The regulations governing the Family Educational Rights and Privacy Act (FERPA), 34 CFR 99 articulate obligations and responsibilities specifically pertaining to the institution of higher education generally, as well as the financial aid practitioner specifically. The regulations attempt to provide guidance for the institution of higher education regarding student information and records and their confidentiality. The regulations cover the rights of students and parents to inspect and review records, the procedures for amending records, when an educational institution may disclose personally identifiable records and the enforcement procedures when an institution violates the aforementioned regulations.
34 CFR 99.31 (a) and (b) provide that an institution may disclose personally identifiable information without the consent of the student if the disclosure meets certain conditions. For example, an institution may disclose, under certain limitations, personally identifiable information to other school officials including teachers who have a legitimate educational interest in the information, to officials of another school in which the student wants to enroll, to certain authorized representatives of the United States government, to authorized state and local officials, to accrediting organizations, to parents of a dependent student as defined by the IRS, in response to a lawful subpoena, and in certain other circumstances.
The above is not a comprehensive listing of all circumstances wherein an institution may disclose personally identifiable information of a student. Rather it is presented to give the reader a sense of the exceptions to the typical student consent required prior to disclosure.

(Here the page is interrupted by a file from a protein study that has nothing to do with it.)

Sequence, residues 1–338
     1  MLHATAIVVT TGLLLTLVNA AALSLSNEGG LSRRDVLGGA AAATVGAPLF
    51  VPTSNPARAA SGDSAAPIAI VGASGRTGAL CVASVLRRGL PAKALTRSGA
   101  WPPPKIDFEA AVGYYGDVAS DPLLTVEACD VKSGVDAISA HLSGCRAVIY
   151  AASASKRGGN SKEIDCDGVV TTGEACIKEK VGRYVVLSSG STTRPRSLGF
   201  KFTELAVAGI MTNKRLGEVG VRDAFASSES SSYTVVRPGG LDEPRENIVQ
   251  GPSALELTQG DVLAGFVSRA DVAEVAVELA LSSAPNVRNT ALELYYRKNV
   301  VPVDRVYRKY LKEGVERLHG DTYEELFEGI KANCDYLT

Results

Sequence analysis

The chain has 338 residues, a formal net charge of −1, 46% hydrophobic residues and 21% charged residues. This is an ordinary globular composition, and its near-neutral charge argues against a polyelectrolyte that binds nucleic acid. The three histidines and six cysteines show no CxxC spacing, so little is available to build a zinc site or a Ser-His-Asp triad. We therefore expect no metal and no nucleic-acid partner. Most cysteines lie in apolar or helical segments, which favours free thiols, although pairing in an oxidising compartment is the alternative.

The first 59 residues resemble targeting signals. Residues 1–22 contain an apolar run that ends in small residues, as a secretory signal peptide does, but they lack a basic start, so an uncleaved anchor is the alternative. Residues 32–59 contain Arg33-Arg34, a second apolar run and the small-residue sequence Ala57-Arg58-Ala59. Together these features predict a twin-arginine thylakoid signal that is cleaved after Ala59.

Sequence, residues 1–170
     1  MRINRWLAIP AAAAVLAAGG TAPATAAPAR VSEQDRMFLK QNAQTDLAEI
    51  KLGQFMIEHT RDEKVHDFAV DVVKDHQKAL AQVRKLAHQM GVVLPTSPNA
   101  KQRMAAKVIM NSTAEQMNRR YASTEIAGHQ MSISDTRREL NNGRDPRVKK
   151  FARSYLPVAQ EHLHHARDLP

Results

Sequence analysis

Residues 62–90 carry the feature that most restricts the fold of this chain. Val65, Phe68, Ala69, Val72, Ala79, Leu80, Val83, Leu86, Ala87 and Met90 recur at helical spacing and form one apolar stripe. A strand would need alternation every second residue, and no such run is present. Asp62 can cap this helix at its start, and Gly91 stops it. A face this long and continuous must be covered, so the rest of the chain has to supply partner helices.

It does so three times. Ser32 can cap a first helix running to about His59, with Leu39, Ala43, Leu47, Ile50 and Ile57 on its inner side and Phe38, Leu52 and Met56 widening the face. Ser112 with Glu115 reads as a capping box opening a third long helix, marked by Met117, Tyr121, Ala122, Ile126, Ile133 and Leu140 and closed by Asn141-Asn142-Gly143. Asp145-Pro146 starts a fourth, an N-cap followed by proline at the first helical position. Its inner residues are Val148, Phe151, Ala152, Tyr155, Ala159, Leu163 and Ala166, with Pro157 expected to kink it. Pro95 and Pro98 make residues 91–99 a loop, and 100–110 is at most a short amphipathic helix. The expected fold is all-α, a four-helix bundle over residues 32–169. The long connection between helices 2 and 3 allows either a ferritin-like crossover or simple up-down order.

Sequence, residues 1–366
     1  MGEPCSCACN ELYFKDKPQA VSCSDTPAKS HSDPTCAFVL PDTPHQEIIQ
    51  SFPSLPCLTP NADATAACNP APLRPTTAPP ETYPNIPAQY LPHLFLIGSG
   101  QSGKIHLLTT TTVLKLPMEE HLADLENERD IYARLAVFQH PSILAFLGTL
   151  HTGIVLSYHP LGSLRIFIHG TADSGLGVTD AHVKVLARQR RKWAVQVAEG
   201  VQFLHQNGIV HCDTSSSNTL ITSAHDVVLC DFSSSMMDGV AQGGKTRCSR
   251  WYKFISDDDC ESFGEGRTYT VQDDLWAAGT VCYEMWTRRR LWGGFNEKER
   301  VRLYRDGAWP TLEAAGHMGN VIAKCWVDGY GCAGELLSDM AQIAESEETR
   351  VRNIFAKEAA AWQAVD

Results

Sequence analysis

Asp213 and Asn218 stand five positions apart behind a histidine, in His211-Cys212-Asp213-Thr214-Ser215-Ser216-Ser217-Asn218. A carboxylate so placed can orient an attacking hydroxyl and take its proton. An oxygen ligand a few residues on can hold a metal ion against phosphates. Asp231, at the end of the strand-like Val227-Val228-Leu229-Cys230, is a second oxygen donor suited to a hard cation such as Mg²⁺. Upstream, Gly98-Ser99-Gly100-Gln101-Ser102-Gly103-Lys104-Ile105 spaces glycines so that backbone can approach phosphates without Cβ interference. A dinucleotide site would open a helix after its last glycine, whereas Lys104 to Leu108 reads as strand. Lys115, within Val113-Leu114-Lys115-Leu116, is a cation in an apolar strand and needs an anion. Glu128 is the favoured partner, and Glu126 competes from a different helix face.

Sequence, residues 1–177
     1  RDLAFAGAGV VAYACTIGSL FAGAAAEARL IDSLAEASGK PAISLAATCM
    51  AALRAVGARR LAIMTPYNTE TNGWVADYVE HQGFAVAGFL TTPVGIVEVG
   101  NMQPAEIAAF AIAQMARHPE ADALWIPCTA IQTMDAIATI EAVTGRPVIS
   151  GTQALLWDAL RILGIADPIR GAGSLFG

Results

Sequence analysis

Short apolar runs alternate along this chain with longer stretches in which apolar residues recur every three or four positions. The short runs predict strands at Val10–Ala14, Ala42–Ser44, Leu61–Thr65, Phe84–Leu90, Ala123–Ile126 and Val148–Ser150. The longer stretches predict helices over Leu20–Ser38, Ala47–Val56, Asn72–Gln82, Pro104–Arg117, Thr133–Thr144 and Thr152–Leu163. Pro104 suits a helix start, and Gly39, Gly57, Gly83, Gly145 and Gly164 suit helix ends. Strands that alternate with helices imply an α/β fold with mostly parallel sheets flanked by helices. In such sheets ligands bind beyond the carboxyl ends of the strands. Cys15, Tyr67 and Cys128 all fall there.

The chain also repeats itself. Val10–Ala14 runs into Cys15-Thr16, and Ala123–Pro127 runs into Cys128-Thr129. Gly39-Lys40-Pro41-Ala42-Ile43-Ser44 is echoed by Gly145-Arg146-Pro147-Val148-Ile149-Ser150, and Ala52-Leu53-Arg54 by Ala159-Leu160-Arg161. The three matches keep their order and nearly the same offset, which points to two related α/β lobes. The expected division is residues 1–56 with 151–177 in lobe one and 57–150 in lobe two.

As is evident, disclosure of student information without student consent carries with it complex responsibilities and obligations. For example, the college or university must have a policy and definition for when faculty members or college officials have “legitimate educational interests” in requested student information.
A similar challenge is involved with the current trend of colleges and universities to implement integrated data management computer systems. Typically, when presented with an integr ated system, faculty and staff have access to multiple data bases within the system. It is important to have a procedure in place to determine which faculty or staff have a legitimate educational interest in a specific data base or application before giving that faculty or staff member computer access to the data base.
The FERPA regulations create a significant challenge for the financial aid practitioner in terms of what individuals, both internal and external to the office, should have access to student information controlled by financial aid. Of particular importance are 34 CFR 99.31 (a)(4)(i), (a)(4)(ii), (a)(8) and (a)(12) which specifically govern the release of financial aid related information.
The above is offered as generalized legal information pertaining to FERPA. You may not and should not rely on its content in determining specific FERPA policy or procedure. You should read the applicable regulations and meet with college counsel should any FERPA issues arise on your campus.